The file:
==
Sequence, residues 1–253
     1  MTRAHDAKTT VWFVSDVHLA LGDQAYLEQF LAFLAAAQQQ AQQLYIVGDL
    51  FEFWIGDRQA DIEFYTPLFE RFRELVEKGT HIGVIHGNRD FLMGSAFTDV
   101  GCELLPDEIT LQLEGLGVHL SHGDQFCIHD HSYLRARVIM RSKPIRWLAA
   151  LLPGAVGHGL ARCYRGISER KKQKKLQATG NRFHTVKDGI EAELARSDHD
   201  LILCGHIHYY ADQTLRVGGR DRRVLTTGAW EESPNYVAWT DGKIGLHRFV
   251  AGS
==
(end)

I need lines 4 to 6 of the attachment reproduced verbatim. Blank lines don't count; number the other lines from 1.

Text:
   101  GCELLPDEIT LQLEGLGVHL SHGDQFCIHD HSYLRARVIM RSKPIRWLAA
   151  LLPGAVGHGL ARCYRGISER KKQKKLQATG NRFHTVKDGI EAELARSDHD
   201  LILCGHIHYY ADQTLRVGGR DRRVLTTGAW EESPNYVAWT DGKIGLHRFV